So, what happens to that lead once it's ejected from the barrel and either finds its way into a target or misses? Much of it finds its way into the soil or the embankment of the shooting range. If allowed to keep building, these spent lead shots can begin causing problems around the range. In fact, there are three main reasons why lead should be removed from the range in a timely manner.

As lead shot builds up in the padding behind targets, it drastically increases the chance of ricochet. This poses a threat to shooters and range workers alike, as ricochet bullets are still powerful enough to cause serious harm.
Environmental Protection
If a range is not properly treated for lead buildup, the risk of lead contamination in the surrounding soil and groundwater is heightened. Contamination of groundwater with lead can pose serious risks to both human health and the surrounding environment.

Value Of Reclaimed Lead
Lead isn't all bad, in fact reclaimed lead can be a highly profitable commodity. Prices are at all-time highs for heavy metal scrap such as lead, and it is highly desirable for the producers of ammunition. Barron's reports that "Prices of lead are up 18% since March, and now there’s talk of limited supplies." This presents a great opportunity for gun ranges to optimize their lead reclamation and clean up their firing range.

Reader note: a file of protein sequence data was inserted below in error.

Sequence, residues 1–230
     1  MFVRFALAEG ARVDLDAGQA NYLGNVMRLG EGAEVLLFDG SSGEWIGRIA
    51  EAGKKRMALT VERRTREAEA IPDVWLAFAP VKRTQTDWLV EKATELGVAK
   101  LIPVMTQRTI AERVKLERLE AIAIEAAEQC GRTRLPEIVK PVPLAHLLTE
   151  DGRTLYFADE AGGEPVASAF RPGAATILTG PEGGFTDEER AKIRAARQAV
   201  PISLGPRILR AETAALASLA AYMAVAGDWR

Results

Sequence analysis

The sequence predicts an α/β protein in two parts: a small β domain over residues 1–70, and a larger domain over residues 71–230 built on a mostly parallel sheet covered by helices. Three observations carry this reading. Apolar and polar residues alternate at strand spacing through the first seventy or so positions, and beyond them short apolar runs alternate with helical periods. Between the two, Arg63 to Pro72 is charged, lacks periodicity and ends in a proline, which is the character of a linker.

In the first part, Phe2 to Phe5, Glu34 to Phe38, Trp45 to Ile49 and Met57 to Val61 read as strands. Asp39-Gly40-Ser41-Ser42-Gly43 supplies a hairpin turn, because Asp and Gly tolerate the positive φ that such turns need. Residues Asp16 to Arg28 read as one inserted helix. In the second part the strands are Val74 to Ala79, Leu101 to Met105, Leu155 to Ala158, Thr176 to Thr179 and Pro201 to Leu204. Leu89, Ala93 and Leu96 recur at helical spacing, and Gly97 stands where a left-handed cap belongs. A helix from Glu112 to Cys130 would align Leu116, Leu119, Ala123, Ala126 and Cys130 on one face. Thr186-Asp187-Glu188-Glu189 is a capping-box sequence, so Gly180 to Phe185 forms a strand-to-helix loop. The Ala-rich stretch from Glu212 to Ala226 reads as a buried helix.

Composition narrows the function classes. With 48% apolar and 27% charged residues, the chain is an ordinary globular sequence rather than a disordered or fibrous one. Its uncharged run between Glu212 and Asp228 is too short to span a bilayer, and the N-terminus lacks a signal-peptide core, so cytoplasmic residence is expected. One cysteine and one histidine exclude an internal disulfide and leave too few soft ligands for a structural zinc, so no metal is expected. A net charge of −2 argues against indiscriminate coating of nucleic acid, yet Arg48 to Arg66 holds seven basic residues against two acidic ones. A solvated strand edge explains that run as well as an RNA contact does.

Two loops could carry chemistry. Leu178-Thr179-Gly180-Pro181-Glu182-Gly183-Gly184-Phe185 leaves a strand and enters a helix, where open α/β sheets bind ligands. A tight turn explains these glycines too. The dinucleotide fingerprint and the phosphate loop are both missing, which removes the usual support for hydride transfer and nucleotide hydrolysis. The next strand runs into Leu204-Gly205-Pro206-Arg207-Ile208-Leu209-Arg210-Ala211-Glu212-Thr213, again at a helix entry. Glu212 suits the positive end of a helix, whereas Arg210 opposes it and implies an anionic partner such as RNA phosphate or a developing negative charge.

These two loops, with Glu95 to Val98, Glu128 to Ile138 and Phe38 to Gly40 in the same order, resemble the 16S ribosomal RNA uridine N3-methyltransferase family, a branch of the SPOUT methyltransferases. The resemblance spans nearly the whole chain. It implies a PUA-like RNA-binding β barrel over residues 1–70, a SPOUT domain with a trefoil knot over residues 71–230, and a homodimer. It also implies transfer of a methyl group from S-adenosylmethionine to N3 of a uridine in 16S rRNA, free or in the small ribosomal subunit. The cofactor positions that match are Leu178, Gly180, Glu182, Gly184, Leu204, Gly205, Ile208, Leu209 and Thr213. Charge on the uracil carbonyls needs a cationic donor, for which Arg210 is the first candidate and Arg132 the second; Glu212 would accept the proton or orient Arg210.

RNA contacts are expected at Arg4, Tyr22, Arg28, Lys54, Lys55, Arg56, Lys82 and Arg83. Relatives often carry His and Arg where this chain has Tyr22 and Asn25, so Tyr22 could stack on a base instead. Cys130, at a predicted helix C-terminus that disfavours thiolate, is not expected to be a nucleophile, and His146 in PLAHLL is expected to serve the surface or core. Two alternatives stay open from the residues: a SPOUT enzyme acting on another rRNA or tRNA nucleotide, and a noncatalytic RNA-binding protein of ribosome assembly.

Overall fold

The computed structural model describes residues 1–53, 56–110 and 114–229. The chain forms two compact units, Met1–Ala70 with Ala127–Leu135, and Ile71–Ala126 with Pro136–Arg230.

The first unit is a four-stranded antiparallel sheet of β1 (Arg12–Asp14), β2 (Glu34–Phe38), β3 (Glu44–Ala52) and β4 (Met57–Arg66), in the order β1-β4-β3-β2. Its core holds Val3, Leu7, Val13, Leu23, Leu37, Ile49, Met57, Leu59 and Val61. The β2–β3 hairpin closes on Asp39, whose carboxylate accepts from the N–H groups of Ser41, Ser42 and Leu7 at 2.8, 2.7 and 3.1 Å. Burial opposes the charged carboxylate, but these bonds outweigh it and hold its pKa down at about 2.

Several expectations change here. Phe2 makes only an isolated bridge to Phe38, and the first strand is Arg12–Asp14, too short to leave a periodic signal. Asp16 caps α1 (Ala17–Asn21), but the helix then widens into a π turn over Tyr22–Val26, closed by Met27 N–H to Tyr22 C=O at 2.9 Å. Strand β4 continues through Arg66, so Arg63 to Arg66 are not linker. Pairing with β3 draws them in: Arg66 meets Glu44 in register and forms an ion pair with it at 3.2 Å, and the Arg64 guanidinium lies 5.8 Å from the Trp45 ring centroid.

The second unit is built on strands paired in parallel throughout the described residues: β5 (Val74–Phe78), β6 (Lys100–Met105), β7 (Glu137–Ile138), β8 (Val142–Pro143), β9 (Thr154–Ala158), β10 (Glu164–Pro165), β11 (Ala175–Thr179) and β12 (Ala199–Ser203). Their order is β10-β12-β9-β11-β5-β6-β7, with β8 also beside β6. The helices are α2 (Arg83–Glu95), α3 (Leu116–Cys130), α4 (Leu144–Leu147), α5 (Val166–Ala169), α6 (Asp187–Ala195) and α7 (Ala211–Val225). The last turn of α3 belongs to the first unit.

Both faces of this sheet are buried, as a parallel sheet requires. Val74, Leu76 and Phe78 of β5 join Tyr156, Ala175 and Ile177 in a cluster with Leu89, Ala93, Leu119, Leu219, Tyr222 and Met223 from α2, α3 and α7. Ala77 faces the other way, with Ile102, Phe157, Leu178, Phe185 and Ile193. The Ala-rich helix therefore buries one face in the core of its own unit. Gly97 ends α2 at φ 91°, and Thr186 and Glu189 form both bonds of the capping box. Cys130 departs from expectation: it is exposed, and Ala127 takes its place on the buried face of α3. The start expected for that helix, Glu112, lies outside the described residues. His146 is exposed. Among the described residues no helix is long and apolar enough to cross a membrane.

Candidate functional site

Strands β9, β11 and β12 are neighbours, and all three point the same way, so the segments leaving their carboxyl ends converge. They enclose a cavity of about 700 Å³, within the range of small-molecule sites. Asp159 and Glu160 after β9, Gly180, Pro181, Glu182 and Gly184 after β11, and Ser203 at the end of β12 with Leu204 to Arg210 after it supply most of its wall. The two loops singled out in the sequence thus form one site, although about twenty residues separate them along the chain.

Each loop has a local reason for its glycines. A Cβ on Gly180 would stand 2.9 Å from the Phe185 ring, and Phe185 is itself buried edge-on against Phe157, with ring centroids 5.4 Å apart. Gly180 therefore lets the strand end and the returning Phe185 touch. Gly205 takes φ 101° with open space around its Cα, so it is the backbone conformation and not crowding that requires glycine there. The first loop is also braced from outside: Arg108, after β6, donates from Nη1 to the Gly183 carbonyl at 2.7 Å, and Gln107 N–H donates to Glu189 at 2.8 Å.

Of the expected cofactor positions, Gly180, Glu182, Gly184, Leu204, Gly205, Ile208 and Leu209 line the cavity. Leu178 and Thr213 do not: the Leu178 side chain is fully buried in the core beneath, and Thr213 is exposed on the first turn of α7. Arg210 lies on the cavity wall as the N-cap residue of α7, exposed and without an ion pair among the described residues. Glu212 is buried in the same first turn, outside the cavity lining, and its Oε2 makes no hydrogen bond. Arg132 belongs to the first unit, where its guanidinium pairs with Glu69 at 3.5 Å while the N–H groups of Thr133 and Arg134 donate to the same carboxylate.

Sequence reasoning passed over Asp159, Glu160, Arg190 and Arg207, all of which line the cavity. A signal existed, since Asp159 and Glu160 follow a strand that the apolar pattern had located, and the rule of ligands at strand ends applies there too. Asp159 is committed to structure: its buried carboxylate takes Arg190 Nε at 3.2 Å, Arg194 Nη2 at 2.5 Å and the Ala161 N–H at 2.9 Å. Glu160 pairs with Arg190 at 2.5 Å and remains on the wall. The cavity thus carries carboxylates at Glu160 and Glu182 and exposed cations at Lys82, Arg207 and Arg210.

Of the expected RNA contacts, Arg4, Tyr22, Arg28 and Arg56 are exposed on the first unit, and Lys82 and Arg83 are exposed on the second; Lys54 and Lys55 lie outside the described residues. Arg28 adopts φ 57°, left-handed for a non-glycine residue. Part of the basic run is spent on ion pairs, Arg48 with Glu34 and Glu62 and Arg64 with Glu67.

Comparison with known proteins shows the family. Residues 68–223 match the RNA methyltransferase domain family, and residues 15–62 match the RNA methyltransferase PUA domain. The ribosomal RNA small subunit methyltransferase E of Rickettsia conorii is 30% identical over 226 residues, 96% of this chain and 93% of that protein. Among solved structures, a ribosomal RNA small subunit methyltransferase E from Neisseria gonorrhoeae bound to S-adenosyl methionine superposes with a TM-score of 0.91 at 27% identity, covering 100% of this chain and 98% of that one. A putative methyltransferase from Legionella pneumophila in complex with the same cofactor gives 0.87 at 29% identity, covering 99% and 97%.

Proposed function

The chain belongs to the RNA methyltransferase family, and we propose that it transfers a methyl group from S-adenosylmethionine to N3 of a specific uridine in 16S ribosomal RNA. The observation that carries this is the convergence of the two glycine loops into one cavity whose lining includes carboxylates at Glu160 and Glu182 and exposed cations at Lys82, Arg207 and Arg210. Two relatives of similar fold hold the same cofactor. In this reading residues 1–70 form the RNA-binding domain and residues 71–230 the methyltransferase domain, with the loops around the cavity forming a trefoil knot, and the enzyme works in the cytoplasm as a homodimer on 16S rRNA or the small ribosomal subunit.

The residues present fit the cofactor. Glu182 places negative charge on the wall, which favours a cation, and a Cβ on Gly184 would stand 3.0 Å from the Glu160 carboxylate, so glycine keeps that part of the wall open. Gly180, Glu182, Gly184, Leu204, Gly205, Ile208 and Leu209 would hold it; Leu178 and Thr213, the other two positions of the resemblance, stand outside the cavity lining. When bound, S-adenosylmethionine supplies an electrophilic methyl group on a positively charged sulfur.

Of course, a range can reap further benefits from routine lead reclamation projects than those described above. A clean and well-maintained range will likely attract more customers. Plus, shooters will know the range is safe and there will be no chance of ricochet due to lead buildup.
It's for these reasons those who operate a range should seek out a lead reclamation company for routine maintenance.
At MT2, our patented and unmatched lead reclamation techniques can ensure the range will be left even nicer than when we started. We are listed on the EPA's website for contaminated site clean-up and have worked for the NYPD as well as the United States Department of Defense. If you would like to learn more about our services, we are pleased to offer a free range evaluation for indoor or outdoor ranges. Range owners needing to request an audit can get more information at: